There is additional information on fire blight biology and management in the Spray Bulletin. Monitor our WWW Site for up-to-date information on the disease.

Apple scab ascospores should be abundant this spring. Look for apple scab ascospores to mature near the green tip stage of bud development. This means that if you had greater than 0.5% leaf infection when you assessed foliage prior to leaf fall last season, then you should be ready to spray for the earliest scab infection periods. It is important to avoid early infections on sepals, as these are difficult to detect and can provide conidial inoculum throughout the early part of the growing season. Where pre-leaf fall leaf assessments indicated 1% or higher leaf infection, sanitation practices (urea application or flail mowing leaf litter) are unlikely to delay the onset of significant scab infection, and early spraying is advised.

Phytophthora root rot can be managed with mefanoxam (Ridomil Gold EC and Ridomil 5G) and will aid in the control of crown, collar, and other root rots caused by Phytophthora spp. on both bearing and non-bearing apple trees. Ridomil 5G can be used in nonbearing orchards only. Applications should be made on a preventative schedule before symptoms appear, especially in orchards where conditions are favorable for disease development. For best results, make one application at the time of planting or in the spring before growth starts. Make another application in the fall after harvest.

Dipping the roots of nursery-grown trees into a solution of the fungicide Aliette prior to planting may reduce inoculum on infested rootstocks. To use, thoroughly mix Aliette at a rate of 3.0 lbs./100 gallons of water, in the desired volume of water and dip the entire root system for 30 to 60 minutes in the mixture prior to planting in the field.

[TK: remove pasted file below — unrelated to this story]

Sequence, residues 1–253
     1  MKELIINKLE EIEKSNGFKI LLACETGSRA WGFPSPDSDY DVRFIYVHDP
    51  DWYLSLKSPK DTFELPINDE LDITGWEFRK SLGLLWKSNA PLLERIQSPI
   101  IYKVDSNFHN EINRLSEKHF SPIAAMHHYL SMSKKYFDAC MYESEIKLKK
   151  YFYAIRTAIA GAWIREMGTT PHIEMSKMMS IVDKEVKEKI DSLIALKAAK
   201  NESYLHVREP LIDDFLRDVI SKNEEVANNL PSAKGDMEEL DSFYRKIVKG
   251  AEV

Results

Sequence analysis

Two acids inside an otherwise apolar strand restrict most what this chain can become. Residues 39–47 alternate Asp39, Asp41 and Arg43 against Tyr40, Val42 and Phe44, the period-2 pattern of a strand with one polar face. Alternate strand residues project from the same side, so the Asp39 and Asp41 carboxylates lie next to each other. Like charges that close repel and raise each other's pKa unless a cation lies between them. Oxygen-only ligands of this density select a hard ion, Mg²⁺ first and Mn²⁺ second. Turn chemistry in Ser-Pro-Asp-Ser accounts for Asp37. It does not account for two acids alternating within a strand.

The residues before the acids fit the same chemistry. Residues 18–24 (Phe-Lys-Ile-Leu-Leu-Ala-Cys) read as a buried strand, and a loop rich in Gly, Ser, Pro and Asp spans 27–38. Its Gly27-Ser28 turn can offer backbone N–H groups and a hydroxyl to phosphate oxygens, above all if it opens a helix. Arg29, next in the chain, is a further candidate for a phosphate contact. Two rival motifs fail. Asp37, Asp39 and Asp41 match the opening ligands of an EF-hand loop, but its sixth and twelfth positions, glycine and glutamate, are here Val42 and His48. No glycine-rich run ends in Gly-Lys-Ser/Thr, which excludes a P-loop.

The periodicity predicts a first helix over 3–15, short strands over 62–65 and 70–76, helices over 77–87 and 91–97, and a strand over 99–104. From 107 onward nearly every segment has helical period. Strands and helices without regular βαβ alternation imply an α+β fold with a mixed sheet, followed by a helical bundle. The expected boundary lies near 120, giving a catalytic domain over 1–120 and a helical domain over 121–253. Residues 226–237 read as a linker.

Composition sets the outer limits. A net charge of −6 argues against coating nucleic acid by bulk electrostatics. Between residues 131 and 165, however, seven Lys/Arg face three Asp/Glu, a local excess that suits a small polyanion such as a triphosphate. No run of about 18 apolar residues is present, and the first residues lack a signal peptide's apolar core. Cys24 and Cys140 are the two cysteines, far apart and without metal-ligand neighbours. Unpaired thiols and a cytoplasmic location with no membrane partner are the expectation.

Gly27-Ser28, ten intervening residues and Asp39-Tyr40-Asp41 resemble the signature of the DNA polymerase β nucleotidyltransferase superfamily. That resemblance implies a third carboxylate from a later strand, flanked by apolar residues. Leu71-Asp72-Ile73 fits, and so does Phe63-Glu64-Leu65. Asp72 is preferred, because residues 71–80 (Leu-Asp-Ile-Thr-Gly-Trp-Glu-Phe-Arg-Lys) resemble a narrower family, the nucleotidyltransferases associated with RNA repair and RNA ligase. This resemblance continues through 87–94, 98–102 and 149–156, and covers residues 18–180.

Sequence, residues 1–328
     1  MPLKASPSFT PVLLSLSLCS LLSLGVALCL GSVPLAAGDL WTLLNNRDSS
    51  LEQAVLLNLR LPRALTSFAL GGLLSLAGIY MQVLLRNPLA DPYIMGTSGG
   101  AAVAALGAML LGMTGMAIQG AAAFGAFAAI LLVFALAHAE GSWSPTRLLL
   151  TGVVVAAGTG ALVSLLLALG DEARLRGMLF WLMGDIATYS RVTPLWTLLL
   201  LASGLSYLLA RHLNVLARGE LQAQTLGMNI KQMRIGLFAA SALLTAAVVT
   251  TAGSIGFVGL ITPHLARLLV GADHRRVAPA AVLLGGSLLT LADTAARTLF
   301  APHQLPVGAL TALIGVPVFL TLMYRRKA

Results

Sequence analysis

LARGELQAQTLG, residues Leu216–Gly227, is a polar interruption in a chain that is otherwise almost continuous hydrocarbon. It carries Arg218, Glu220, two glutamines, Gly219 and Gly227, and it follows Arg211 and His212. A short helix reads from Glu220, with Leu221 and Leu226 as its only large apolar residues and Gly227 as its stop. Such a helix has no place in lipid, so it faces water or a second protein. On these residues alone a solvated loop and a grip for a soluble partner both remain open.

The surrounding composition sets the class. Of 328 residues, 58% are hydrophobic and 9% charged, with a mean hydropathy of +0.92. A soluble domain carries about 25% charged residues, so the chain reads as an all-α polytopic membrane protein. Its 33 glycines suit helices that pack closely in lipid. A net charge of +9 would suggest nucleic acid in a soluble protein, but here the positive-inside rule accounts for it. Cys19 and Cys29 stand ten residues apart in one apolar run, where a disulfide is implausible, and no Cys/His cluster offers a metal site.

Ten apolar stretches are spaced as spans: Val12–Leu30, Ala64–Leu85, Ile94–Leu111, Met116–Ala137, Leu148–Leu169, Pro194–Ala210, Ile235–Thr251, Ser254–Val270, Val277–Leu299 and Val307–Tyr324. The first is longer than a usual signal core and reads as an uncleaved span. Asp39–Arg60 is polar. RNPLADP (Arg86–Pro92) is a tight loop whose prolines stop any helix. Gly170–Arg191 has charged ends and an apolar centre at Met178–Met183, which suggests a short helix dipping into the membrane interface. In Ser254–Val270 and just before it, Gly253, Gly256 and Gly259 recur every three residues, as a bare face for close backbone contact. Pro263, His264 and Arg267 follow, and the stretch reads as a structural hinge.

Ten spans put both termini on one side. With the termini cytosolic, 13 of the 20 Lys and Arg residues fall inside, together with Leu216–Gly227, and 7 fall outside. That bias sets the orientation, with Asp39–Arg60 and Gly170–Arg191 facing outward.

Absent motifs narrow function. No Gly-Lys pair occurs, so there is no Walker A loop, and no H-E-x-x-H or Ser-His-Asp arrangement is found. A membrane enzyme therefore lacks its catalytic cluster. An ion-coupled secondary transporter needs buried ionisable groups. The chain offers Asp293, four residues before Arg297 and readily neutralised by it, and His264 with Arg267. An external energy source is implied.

READ THE LABEL CAREFULLY AND USE THE CHEMICALS IN ACCORDANCE WITH LABEL CAUTIONS, WARNING AND DIRECTIONS. REQUEST A MATERIAL SAFETY DATA SHEET (MSDS) FROM THE MANUFACTURER FOR EACH PRODUCT YOU USE.

Trade and brand names are used only for the purpose of information, and the West Virginia University Extension Service does not guarantee nor warrant the standard of the product, nor does it imply approval of the product to the exclusion of others which may also be suitable. The West Virginia University Extension service assumes no responsibility in the use of hazardous chemicals.

Individuals requesting an accommodation at an Extension Meeting because of a disability should contact one of the Specialists at the WVU Tree Fruit Research and Education Center at 304-876-6353 at least 5 days prior to the meeting date.


Helping you put knowledge to work


WEST VIRGINIA UNIVERSITY
TREE FRUIT RESEARCH AND EDUCATION CENTER
P. O. BOX 609
KEARNEYSVILLE, WV 25430-0609
PHONE:  304-876-6353
FAX:  304-876-6034
WEB:  www.caf.wvu.edu/kearneysville/wvufarm1.html

The West Virginia University Cooperative Extension Service, U.S. Department of Agriculture, West Virginia County
Boards of Education and County Commissions Cooperating.  Equal Opportunity / Affirmative Action Institution